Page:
An almost identical article appeared in the Morning Record, also Sunday, July 4, 1897. It was perhaps more sensationalist with headlines reading:
HOLOCAUST AT LAKE ANN
Thriving Place swept by Terrible Fire Fiend Yesterday and Nearly Wiped Out
TOWN WILL SUFFER AGGREGATE LOSS OF NEARLY $100,000
Aged Mrs. Masters Cremated In attempting to Save Valuable Personal Property
Entire Business of Town in Ruins – Fifty Buildings Destroyed
Seventy-five Families Rendered Homeless and Deprived of
Necessities of Life, also Employment – Traverse City
Responded Promptly to an Appeal for Aid
One can imagine seeing this on the cover of a paper beside the check-out in any grocery store today.
Lake Ann’s second major fire
The date of Lake Ann’s second major fire has been incorrectly known for many years. Even the newspaper report of the third fire, in 1918, gave the wrong date, saying it occurred in 1907. More recently the date has been given as 1914. In reality, it happened in 1902.
The second fire also destroyed most of the Lake Ann business district but it was much smaller than that of 1897. It is clear that little of the village had been rebuilt following the devastating fire in 1897.
Again the Traverse City papers gave it prominent coverage.
THE EVENING RECORD, TUESDAY JANUARY 28, 1902
LAKE ANN FIRE SWEPT
Business Portion of the Town Again Destroyed
Lake Ann Jan 28 — Again last night the business portion of Lake Ann was laid in ashes, and nothing but cinders remain of four of the principal businesses places of the town. The saloon building and stock of Dan Willard, the store building of A. B. Huellmantel, the livery barn of W. J. Shilliday and the store building occupied by S. S. Burnett, were completely destroyed and the stock of A. B. Huellmantel and S. S. Burnett were greatly damaged.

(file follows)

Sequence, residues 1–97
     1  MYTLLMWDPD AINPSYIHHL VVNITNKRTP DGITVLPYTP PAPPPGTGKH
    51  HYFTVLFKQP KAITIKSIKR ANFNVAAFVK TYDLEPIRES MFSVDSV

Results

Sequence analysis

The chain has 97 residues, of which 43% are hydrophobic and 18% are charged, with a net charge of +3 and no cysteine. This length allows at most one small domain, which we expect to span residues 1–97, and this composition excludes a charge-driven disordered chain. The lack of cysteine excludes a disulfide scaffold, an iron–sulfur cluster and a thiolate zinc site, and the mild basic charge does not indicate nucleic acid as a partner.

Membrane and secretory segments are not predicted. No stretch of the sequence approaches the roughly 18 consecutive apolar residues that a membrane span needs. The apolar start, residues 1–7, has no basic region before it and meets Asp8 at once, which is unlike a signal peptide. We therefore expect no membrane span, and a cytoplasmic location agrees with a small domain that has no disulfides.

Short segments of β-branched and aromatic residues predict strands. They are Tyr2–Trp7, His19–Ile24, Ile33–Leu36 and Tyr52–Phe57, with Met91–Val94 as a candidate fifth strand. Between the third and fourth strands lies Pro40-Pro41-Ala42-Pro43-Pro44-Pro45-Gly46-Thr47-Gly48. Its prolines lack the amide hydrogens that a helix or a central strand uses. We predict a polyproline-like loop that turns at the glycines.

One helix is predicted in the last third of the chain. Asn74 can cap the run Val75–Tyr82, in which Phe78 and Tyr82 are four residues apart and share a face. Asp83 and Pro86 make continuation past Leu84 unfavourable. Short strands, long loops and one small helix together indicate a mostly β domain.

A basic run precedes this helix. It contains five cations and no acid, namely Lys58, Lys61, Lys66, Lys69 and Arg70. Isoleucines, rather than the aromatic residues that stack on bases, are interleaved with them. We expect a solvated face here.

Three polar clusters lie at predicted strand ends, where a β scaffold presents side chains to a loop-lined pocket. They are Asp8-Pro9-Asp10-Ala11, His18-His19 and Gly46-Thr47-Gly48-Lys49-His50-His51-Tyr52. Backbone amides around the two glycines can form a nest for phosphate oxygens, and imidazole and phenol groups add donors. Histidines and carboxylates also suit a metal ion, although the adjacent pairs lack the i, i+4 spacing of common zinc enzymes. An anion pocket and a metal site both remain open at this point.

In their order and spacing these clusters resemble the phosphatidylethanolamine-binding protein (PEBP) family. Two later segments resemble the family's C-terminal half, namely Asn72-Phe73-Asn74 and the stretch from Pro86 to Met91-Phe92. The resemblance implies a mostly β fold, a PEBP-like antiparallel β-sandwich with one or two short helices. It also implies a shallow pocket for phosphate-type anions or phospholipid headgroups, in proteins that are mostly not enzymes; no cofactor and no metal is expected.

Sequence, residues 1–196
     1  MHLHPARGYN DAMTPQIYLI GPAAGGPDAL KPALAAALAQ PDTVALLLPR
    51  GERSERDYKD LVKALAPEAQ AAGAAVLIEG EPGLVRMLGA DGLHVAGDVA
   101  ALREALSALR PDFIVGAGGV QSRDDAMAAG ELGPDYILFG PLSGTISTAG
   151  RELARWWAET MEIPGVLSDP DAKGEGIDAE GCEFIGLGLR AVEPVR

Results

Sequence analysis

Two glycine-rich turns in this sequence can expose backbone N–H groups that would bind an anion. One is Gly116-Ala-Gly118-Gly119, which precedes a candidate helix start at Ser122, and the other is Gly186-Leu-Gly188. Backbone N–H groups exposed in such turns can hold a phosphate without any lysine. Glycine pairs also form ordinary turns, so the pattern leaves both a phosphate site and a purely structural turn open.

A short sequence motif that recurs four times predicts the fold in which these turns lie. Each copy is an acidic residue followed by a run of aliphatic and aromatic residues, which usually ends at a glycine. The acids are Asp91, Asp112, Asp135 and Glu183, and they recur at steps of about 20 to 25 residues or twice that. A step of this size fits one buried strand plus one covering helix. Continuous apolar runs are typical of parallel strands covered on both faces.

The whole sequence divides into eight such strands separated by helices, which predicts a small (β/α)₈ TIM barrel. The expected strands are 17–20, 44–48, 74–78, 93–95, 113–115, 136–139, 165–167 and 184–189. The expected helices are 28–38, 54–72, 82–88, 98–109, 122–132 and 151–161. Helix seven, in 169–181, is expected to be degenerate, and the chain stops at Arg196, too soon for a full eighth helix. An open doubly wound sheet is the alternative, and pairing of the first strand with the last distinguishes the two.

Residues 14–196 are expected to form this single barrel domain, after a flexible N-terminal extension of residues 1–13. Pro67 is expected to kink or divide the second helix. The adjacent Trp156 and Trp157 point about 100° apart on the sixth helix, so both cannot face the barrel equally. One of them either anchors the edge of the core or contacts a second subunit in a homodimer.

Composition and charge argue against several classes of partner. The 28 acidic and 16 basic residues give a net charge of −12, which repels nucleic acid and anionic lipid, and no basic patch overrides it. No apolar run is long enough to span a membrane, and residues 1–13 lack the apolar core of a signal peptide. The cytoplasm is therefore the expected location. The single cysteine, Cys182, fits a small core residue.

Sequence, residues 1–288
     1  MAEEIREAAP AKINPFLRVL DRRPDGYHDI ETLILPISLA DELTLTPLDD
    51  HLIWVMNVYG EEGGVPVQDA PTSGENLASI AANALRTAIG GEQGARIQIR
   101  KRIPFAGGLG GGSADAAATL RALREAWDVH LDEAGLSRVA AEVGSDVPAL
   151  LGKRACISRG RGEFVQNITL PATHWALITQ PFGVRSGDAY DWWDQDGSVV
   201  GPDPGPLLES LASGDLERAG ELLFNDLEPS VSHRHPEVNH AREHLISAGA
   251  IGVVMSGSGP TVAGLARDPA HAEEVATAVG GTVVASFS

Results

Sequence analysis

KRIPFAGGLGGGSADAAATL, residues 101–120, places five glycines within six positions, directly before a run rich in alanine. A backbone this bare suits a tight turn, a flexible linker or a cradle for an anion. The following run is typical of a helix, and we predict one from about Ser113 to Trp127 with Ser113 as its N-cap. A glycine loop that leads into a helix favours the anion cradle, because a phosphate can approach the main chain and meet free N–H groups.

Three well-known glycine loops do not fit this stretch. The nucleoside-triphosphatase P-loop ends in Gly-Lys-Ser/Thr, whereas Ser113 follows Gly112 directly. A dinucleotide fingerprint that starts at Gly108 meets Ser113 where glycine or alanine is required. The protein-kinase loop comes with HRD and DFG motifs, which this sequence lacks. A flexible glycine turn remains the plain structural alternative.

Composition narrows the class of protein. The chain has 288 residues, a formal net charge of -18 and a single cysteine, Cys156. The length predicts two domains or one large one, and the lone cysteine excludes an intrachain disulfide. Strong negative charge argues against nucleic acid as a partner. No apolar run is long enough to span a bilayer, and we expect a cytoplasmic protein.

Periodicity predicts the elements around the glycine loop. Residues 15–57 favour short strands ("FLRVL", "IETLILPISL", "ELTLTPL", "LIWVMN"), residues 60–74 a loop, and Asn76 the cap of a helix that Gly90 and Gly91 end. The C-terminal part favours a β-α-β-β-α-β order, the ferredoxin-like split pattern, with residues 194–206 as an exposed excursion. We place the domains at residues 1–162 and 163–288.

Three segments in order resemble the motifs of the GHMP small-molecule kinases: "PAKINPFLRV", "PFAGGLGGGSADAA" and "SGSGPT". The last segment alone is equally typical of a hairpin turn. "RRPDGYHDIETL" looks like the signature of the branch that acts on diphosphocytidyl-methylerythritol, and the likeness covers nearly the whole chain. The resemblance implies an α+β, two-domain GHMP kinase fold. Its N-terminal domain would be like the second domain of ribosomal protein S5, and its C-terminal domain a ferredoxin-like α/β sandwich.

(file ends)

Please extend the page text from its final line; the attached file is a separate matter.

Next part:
“The fire started in the saloon of Dan Willard about 9:30 o’clock. The saloon had been closed for the night and Mr. Willard had gone home. The fire had been banked for the night but in some way a blaze started from the place where the stove pipe passed through the second floor.
Once again, the people of Lake Ann rallied and the village survived and rebuilt.
Douglas Hotel fire
Soon after the fire, a large, elegant hotel opened in the center of town. The hotel, being across the tracks from the M. & N. E. Railroad depot, perhaps served as a destination for people coming on railroad excursions from Manistee or Traverse City. The hotel was close to the shore of Ann Lake and maintained a number of small boats for guests to use on the lake.
Sadly, in 1910 the Douglas Hotel burned to the ground. Fortunately, no one was injured but it was a great loss to the village. A Traverse City newspaper gave complete coverage:
THE EVENING RECORD TRAVERSE CITY, MICHIGAN, FRIDAY, MAY 13, 1910
HOTEL WAS DESTROYED
LAKE ANN HAD A BAD FIRE THIS MORNING
ALL GUESTS ESCAPED
NORTH WIND SAVED THE REST OF VILLAGE
Origin of the fire is unknown but it started in the roof – Loss on building is $2,500 with insurance of $1,200.